We have also shown that diabetic bone marrow is less responsive to exogenous EPC-mobilizing agents. Although molecular mechanisms that regulate EPC release in peripheral blood are complex and not fully understood, a role for the phosphatidylinositol (PI) 3-kinase/protein kinase-B and endothelial nitric oxide (NO) synthase pathways has been shown (24,25). As diabetes is characterized by altered activation of PI 3-kinase/Akt pathways and by reduced NO bioavailability (26), dysfunction of these subcellular pathways may be involved in the defective mobilization of EPCs from bone marrow.

Hyperglycemia may be the common feature that affects survival and function of EPCs because similar alterations have been demonstrated in both type 1 and type 2 diabetes. In vivo, hyperglycemia induces oxidative stress by increasing the production of ROS and alters leukocyte and endothelial function (3). We have previously reported that hyperglycemia activates mitogen-activated protein kinases and protein kinase-C in human circulating peripheral blood mononuclear cells (PBMCs) in vivo (27,28). Recently, Krankel et al. (29) have convincingly demonstrated that high glucose impairs proliferation, survival, and function of cultured EPCs, with concomitant-decreased NO production and matrix metalloproteinase-9 activity. Furthermore, activation of mitogen-activated protein kinases has been revealed as a potential mechanism of EPC dysfunction induced by high glucose (30). A definite demonstration is that correction of hyperglycemia by insulin therapy (19,22) can indeed restore the normal EPC pool.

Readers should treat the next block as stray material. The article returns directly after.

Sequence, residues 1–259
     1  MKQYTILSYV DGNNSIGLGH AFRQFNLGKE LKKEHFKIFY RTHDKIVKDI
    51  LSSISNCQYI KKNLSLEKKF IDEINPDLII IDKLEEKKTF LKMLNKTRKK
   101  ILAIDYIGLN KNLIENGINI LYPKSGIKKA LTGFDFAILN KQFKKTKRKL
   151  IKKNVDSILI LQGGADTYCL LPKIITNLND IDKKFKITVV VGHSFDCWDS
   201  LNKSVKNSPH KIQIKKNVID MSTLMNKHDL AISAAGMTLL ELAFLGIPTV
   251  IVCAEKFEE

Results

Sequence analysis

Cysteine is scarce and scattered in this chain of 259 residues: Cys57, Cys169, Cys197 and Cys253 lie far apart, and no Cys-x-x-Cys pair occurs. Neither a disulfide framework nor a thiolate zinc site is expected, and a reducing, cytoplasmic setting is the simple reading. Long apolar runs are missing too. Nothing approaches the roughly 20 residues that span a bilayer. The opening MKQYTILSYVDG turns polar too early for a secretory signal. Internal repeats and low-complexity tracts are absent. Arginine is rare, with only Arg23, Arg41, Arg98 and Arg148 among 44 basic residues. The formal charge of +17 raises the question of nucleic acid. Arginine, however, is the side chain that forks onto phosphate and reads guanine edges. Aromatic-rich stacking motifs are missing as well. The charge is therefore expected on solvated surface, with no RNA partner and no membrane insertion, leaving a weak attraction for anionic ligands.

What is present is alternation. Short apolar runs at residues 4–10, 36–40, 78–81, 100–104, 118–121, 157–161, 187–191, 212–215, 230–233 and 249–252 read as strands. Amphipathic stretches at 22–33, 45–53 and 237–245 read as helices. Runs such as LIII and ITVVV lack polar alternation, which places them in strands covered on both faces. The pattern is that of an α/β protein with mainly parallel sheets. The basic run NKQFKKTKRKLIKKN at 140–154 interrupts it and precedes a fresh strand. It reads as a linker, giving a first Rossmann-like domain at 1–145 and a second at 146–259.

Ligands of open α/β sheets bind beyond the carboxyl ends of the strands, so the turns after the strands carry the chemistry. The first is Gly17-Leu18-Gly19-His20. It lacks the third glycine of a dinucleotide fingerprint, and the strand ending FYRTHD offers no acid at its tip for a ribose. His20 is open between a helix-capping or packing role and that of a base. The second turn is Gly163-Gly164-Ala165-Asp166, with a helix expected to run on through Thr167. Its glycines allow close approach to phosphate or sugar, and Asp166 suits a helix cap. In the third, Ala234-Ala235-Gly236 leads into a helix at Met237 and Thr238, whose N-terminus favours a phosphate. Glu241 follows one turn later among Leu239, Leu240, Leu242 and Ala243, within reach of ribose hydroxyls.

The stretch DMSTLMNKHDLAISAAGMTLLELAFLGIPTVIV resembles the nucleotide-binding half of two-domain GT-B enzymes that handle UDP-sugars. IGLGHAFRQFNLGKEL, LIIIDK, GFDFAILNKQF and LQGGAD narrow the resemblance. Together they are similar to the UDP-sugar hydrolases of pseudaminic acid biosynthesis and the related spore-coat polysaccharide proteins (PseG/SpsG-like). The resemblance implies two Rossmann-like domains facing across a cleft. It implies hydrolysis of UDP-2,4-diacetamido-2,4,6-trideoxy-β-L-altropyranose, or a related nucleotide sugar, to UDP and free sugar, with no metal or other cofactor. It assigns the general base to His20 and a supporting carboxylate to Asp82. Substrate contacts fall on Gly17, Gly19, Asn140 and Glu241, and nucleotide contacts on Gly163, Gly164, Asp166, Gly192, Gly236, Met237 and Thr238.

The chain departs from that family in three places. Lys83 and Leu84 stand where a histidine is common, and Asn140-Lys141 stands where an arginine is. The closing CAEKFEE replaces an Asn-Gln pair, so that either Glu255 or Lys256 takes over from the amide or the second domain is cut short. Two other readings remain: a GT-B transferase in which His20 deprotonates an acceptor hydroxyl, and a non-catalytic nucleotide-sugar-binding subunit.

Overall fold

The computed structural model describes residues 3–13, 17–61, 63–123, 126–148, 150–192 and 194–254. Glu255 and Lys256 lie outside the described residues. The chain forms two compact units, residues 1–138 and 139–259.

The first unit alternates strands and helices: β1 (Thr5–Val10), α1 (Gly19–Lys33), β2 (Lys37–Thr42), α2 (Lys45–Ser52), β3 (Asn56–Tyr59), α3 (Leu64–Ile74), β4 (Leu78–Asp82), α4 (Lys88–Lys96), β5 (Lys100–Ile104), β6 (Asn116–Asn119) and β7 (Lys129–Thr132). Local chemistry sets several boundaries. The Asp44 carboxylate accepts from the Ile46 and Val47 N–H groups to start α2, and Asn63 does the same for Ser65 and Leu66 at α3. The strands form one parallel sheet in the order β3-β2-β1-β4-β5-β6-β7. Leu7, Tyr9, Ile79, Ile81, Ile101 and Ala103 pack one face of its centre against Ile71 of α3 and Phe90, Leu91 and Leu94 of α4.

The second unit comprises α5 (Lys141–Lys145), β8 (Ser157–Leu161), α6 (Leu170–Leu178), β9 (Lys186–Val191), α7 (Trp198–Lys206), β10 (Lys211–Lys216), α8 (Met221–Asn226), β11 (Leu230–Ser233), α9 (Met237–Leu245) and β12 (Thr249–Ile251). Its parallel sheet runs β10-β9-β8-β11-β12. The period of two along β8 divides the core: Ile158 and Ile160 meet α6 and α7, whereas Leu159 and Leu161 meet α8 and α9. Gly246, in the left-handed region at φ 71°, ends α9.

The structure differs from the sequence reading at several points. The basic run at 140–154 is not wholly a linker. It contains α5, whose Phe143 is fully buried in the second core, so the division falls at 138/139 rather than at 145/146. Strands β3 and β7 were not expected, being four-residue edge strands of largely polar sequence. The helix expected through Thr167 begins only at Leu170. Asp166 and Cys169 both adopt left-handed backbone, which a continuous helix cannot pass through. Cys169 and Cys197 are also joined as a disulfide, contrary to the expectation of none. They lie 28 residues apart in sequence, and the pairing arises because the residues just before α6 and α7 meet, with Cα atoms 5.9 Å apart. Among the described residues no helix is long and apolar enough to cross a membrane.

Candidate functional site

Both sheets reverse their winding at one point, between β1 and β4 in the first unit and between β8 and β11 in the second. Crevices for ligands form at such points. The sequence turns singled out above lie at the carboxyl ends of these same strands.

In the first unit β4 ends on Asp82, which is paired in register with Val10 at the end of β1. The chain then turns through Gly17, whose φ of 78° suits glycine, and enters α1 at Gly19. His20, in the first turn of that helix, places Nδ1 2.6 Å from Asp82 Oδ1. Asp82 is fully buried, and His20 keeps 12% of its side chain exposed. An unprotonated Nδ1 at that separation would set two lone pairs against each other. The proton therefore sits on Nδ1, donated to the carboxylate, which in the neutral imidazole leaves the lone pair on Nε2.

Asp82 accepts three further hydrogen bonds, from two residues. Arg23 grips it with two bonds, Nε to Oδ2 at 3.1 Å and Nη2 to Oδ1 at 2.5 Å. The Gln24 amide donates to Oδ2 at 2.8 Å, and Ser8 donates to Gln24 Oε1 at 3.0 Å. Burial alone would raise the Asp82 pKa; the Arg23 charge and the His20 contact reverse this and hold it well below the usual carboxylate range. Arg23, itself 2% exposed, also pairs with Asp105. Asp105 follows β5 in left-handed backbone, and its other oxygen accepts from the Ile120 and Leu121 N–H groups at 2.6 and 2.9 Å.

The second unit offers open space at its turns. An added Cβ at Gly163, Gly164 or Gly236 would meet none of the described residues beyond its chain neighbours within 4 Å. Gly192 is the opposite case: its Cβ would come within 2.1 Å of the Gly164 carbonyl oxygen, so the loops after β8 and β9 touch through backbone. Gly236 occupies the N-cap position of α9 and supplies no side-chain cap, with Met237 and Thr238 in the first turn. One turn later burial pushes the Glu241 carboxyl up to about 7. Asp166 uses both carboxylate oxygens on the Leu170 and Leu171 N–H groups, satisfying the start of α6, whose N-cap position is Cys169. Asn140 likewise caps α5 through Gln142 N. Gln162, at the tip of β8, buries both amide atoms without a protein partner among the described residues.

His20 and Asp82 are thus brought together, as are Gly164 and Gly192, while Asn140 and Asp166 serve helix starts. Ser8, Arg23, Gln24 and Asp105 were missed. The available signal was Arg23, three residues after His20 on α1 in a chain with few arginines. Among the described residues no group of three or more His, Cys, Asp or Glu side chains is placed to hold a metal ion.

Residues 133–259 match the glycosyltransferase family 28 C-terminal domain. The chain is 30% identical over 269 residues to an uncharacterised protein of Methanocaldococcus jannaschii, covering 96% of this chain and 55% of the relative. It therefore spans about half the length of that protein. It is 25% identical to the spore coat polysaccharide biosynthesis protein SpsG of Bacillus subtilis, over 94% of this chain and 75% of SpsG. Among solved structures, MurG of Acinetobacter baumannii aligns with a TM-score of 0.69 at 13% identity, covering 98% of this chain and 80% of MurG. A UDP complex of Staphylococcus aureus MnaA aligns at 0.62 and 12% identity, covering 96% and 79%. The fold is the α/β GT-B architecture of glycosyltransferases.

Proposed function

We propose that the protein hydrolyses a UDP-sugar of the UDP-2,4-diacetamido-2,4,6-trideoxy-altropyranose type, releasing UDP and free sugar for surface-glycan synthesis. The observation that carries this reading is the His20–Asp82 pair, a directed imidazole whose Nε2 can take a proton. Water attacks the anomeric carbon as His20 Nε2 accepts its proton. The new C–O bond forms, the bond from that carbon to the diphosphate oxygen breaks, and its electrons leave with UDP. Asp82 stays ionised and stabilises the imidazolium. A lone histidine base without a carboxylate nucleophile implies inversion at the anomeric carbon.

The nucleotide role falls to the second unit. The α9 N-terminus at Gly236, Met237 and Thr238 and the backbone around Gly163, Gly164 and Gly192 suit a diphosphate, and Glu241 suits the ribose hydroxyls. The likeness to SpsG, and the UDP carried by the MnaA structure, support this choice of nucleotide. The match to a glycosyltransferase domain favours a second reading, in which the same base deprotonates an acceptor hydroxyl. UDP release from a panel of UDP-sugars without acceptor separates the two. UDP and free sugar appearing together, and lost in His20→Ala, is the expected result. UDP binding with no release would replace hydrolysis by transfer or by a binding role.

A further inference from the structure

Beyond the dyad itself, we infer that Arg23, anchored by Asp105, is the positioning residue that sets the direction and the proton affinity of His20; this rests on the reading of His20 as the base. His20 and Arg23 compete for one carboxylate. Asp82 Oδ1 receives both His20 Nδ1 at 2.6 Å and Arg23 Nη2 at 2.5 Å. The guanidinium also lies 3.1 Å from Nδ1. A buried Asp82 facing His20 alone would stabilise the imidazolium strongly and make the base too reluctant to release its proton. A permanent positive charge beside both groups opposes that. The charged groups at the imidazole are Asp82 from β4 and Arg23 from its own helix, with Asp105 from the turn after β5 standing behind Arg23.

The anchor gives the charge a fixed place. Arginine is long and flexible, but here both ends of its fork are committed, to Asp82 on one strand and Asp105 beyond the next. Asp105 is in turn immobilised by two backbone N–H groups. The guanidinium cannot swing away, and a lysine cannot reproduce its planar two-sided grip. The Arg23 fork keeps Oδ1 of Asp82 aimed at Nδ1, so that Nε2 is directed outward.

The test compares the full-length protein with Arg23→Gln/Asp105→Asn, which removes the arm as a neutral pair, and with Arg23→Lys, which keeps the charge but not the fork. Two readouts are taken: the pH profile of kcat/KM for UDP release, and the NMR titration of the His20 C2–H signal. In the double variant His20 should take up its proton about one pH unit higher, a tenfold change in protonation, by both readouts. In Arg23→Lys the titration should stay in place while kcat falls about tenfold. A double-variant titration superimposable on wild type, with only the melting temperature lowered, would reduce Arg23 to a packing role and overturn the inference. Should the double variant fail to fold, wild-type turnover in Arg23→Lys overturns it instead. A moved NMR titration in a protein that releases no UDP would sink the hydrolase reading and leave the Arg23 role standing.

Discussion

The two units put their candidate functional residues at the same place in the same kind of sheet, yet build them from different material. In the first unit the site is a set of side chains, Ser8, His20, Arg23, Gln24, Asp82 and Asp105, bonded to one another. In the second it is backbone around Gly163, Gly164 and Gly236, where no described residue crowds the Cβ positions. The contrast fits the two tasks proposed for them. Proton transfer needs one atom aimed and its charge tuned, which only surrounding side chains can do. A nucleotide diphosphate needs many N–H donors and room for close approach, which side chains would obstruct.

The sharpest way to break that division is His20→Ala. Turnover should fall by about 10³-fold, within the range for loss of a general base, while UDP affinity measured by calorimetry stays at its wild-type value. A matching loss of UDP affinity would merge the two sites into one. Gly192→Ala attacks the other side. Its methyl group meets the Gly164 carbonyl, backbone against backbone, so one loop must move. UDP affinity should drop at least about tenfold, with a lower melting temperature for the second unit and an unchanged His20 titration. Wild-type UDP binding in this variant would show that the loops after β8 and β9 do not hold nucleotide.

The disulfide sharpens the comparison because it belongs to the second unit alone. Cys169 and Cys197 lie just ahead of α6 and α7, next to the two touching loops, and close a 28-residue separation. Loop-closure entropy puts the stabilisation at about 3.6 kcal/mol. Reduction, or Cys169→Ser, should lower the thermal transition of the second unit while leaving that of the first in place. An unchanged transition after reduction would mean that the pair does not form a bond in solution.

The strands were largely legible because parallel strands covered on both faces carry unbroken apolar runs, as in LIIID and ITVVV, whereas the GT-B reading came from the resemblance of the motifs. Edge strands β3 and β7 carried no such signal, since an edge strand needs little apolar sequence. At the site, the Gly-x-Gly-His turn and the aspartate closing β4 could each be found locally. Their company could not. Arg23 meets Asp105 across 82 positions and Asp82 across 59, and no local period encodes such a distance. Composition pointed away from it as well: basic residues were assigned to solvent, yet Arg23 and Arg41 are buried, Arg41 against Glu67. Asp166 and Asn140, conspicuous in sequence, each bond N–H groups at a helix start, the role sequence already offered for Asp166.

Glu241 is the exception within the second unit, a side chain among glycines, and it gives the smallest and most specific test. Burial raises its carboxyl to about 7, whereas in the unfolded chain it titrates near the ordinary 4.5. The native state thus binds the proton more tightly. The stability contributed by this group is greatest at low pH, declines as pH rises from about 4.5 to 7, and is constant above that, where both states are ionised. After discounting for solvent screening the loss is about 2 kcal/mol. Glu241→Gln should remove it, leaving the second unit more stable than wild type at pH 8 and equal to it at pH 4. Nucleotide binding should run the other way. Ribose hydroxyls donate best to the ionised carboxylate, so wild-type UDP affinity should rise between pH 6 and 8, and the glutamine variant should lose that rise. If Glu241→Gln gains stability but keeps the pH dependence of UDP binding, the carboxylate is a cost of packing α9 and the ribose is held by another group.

Another possible link between diabetes and EPC alterations is the binomial insulin resistance/hyperinsulinemia. In one study, insulin supplementation reduced long-term generation of endothelial cells from CD34+ cells in culture (31). Moreover, we have shown that patients with the metabolic syndrome have decreased levels of CD34+KDR+ EPCs compared with patients without the syndrome (12). Circulating CD34+ cells are synergically decreased by clustering components of the metabolic syndrome, and their levels negatively correlate with the homeostasis model assessment value, a measure of insulin resistance (32). In fact, insulin resistance, the typical hallmark of metabolic syndrome, is characterized by a defective activation of the PI 3-kinase/Akt pathway and decreased endothelial NO synthase activity, which are considered essential for EPC mobilization and function.